Brent: So number one, realize it’s probably going to be a challenge to do it at your firm and to do it right out of the gates. The way I thought about it was how do I get in front of … how do I first of all find the diverse communities where I can find the right talent to cultivate the next generation of leaders at my organization and finding the people?
Brent: So when I think about … it’s a Wayne Gretzky piece. Skate to where the puck is going, not where it is. I go, “Where’s the puck going?” Well, I think we all have a good idea of where it’s going. So I go out there and say, “How do I prepare my firm for 10 years down the road, not two weeks down the road?” It takes time to invest in the business, to invest in really passionate, amazing, talented next generation people. They may not be advisors yet. People to build the right solution internally at your firm, because we may not have all the answers individually, but we can build a team in the community that can solve the challenge.
Ian: Thank you so much for being here, Brent.
Brent: Of course.
Ian: Is there any, anything else you’d like to share with our listeners before we let you go?
Brent: Ian, I think what I want to say is I’m just very proud of where this industry has come in 50 years. Being here at FBA National, especially getting involved frankly even with you and FBA NextGen. I will jokingly say even though I’m too old for FBA NextGen, I still love what you are doing, I still love what the entire organization is doing, what your team is doing. We had a little happy hour the other night. I’ll tell you the energy in that was so inspiring for me. So thank you, Ian, for the work that you do. I want to thank all the younger advisors out there who are working hard, who have different ideas. Don’t give up, don’t quit. There are amazing opportunities out there.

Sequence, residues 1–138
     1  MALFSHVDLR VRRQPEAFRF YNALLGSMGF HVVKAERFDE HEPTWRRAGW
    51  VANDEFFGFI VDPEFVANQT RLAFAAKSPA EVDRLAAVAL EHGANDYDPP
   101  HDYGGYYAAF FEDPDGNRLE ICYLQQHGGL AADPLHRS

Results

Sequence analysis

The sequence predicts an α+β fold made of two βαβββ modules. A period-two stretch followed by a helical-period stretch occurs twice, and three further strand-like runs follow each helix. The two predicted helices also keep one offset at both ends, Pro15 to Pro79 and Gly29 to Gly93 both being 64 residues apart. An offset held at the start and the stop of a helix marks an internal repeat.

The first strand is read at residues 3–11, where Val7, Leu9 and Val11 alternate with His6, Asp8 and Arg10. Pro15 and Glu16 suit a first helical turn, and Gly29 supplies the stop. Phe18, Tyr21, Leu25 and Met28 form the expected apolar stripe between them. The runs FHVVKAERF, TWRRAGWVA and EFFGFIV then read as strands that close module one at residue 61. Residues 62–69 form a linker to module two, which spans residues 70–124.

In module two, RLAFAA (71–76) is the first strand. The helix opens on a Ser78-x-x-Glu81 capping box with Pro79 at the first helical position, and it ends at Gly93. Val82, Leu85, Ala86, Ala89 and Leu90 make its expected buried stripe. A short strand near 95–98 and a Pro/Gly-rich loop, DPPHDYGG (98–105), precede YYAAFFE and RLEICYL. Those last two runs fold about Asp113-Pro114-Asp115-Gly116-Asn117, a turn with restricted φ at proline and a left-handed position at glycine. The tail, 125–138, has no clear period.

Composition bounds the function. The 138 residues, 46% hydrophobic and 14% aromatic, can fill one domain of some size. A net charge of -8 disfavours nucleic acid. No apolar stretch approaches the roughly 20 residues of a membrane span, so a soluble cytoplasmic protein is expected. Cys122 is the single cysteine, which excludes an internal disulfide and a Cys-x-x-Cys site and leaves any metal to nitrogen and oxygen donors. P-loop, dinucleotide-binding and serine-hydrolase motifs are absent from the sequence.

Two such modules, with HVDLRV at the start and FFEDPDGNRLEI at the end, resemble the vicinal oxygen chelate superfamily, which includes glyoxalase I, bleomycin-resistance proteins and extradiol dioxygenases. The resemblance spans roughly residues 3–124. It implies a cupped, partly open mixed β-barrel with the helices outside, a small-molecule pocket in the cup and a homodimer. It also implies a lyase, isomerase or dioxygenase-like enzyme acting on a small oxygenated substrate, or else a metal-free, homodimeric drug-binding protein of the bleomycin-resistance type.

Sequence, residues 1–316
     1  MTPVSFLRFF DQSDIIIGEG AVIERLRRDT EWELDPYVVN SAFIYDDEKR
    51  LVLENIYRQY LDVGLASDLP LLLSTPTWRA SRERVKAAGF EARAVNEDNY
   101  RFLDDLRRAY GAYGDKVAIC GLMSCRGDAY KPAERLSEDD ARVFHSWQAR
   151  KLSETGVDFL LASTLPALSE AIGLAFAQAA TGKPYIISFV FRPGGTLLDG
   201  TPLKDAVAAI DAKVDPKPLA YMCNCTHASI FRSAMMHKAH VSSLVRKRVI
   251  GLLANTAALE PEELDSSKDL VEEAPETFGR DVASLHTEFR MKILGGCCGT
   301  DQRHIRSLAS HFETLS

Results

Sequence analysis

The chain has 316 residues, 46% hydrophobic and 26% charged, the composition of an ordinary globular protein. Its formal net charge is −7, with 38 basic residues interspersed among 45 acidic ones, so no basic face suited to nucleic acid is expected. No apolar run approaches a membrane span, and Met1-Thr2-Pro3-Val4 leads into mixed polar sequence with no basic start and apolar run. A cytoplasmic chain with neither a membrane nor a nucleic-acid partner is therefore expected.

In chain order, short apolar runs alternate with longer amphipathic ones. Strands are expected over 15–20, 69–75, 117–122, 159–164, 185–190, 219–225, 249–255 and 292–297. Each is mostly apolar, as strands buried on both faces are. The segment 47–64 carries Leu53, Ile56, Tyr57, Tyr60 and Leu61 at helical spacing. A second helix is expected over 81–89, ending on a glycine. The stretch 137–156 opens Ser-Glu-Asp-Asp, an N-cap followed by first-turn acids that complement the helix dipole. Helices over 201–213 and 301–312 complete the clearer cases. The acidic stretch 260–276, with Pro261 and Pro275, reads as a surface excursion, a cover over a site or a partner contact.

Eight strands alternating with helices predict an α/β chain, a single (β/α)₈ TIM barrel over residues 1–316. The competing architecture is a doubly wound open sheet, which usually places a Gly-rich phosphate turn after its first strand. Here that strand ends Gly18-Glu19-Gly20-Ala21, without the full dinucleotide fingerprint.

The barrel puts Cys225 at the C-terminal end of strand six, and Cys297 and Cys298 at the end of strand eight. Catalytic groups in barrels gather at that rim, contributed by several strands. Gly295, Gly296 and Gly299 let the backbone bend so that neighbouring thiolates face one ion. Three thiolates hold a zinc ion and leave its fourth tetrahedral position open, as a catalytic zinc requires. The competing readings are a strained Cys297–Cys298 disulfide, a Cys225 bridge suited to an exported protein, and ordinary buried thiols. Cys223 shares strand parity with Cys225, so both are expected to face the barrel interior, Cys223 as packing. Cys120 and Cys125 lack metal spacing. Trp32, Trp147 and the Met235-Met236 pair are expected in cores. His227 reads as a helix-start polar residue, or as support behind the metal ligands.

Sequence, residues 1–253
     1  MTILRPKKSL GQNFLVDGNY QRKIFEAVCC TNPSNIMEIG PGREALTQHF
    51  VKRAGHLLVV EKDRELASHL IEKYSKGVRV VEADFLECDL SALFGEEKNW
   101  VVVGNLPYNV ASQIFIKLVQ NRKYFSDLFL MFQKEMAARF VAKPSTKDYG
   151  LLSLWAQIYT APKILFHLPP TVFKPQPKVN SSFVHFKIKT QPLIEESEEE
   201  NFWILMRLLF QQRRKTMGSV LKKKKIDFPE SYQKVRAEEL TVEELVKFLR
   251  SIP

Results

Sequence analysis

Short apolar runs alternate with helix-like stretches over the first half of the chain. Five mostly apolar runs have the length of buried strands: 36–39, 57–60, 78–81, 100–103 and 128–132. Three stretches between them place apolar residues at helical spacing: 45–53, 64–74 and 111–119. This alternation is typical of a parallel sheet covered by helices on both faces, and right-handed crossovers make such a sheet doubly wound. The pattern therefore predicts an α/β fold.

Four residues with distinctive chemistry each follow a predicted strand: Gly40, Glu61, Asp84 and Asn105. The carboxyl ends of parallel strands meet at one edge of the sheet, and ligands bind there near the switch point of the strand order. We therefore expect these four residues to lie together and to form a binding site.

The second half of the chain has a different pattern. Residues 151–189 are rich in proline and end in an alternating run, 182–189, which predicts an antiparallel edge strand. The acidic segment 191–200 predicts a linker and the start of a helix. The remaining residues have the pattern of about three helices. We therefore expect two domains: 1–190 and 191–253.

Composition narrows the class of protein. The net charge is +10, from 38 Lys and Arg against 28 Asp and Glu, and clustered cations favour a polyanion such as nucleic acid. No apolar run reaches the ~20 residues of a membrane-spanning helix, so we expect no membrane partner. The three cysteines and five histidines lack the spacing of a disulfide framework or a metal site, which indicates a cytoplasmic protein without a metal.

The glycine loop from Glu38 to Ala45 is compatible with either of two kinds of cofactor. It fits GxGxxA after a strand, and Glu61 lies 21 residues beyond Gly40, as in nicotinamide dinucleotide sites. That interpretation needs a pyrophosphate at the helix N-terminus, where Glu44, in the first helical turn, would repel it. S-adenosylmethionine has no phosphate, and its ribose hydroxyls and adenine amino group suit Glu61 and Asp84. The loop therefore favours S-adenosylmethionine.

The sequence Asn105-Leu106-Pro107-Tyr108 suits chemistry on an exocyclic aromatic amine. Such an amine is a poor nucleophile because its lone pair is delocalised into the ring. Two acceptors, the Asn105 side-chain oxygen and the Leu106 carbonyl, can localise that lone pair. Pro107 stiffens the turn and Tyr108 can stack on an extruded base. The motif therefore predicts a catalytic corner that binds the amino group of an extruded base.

Brent: Last thing I would say just for me, because it’s my mission and not because it’s Facet, well, it’s just because I just believe when I look at the Nanus and Pops, bring it back to my grandparents kind of thing, think about how can we challenge the status quo.
Brent: I actually say this because Kayla Kennelly at our firm came from Pershing worked with Mark Tibergien for a while, says this all the time, that’s her whys like how do we challenge the status quo. I love that. Start thinking critically about how do we change what the industry has been thinking or saying for so many years and how do we develop this really diverse and thriving community that can create greater access to financial planning for more families that I would say need it. I don’t really like the word need, but frankly, my opinion, deserve it.
Brent: There is a way to do it. We can’t do it alone. Let’s build the community, let’s continue the movement that started 50 years ago in Chicago in 1969 to make it more affordable, to make it more accessible, to do our part. It’s our responsibility, in my opinion, and I look forward to meeting the people that are believers in that movement and want to help.